At first glance…

These river fish (below) don’t strike one as particularly fearsome. That is, until you read the exhibit plaque.

"I'm a piranha!" ~ Darla in NEMO
“I’m a piranha!” ~ Darla in NEMO

Last but not least, here’s my favorite photo from our aquarium adventure. Enjoy!

Tropical Diver Gallery Exhibit
Tropical Diver Gallery Exhibit

What’s your favorite activity on a rainy summer day?

Coming Up…

Fan Girl Moment with THE Nora Roberts
Fan Girl Moment with Nora Roberts

For those of you interested in romance books and such, check back Wednesday for this writer’s take on RWA13. For next week, Rylie has promised to post about Merano, Italy. I’m homesick for Key West, so I may sneak in a bonus Conch post along the way.



Hiking the Italian Alps

Welcome to this week’s escape! Rylie is excited to share one of her favorite memories from her recent excursion to Northern Italy. First, I thank you, our readers, for your incredible response to her posts and for growing the blog through your Likes and Comments. Thanks, also, to those of you who recently subscribed to Margarita Moments & Other Escapes. I hope you enjoy your time spent with us.

Getting Ready

Despite the amazing food and picture-perfect landscapes I’d heard about regarding Italy, what got me hooked on the trip were four little words of a brochure headline–Hiking in the Alps. After months of dreaming about it, the day was finally here. Mentally, I was more than ready. Physically, I chose to gulp down pineapple juice and two slices of bread an hour before the event, my hands shaking with excitement. Ever since sustaining an injury during track, I’d been relegated to non-impact workouts, so the extent of my exercise lately had been trudging my overstuffed backpack around campus. Today my new backpack was stuffed with a jacket, my camera, a giant water bottle I bought for a Euro in town, and my wallet. I was stoked to hike the Alps!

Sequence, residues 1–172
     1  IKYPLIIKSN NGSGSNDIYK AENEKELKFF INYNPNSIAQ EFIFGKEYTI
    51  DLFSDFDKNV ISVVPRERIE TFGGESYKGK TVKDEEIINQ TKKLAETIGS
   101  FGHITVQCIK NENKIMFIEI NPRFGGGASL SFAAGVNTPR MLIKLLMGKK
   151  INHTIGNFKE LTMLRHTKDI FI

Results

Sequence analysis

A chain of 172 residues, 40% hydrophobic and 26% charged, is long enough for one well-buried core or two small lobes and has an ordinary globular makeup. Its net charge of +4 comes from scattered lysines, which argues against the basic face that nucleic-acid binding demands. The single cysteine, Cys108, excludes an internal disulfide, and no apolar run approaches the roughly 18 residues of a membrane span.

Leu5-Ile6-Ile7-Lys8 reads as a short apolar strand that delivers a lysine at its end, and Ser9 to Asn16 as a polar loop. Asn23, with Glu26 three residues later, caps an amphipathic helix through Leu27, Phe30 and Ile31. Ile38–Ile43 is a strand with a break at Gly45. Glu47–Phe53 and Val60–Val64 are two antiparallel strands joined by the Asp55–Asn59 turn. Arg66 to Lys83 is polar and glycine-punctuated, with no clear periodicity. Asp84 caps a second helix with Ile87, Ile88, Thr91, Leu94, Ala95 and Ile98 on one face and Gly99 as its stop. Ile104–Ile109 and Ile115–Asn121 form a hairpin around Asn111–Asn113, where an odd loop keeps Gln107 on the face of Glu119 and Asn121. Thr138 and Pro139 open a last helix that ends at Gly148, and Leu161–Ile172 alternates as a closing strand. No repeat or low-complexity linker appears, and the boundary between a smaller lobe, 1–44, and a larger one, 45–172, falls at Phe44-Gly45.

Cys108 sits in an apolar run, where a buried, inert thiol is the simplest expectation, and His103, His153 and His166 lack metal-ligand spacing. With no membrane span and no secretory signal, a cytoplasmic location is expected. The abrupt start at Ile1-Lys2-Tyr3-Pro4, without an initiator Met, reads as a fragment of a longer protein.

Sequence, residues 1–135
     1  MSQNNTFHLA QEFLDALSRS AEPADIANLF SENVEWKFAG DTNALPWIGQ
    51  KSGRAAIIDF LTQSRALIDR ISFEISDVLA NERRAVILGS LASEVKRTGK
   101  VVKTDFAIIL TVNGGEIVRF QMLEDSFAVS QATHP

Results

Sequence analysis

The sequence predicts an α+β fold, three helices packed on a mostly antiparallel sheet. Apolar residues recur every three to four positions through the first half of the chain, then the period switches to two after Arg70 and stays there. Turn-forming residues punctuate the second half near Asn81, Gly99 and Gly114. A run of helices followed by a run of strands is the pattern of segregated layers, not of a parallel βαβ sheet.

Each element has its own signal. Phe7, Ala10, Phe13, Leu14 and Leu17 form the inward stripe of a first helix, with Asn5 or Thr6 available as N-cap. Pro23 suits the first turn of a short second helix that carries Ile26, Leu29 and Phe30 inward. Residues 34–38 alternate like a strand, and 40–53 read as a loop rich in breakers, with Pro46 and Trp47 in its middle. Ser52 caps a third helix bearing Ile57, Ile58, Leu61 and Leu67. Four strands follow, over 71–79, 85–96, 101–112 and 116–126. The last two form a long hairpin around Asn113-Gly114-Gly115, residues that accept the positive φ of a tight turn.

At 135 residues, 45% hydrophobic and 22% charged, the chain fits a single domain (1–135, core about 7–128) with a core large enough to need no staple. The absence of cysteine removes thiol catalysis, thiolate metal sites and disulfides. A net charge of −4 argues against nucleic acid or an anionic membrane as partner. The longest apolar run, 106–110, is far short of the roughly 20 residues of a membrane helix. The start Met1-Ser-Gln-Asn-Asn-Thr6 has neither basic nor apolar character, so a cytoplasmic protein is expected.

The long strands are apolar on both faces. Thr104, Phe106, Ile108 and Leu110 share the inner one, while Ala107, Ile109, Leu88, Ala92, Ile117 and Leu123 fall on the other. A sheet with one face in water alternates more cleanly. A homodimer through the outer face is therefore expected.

We began the trek uphill through town, passing small housing developments and farms to get to the start of the trail. There was a moment of panic when my friend and I realized the drink we’d purchased, and thought was water was actually seltzer. (So that’s what ‘frizzante” meant on the label!) Luckily, we were able to refill our water bottles at a restaurant in Dorf Tirol before beginning our climb.

PHOTO CREDIT: Allison Lloyd
PHOTO CREDIT: Allison Lloyd

What sights!

The hike was exhausting, and admittedly painful, but oh so worth it. The trail, for the most part, was on a slight incline, with a wall of stone on our left and a thick forest on our right. Some parts were steep, particularly as we increased in altitude, and several of us skidded on pebbles on the way down. Between the clusters of trees we could often catch a glimpse of narrow waterfalls etched into the mountainside, plummeting into the brook below. The Austrian Alps peeked out from behind the forest and hills, their snow-capped peaks nearly invisible in the morning sunlight.

Can you see the Austrian Alps?
Can you see the Austrian Alps?

Our destination was a farm about midway up the mountain, and we rested briefly at the little restaurant on property to have a beer and the most delicious cranberry-cake dessert I’ve ever tasted. If you read last week’s post, you know how much I love my food and beverages.

PHOTO CREDIT: Allison Lloyd
PHOTO CREDIT: Allison Lloyd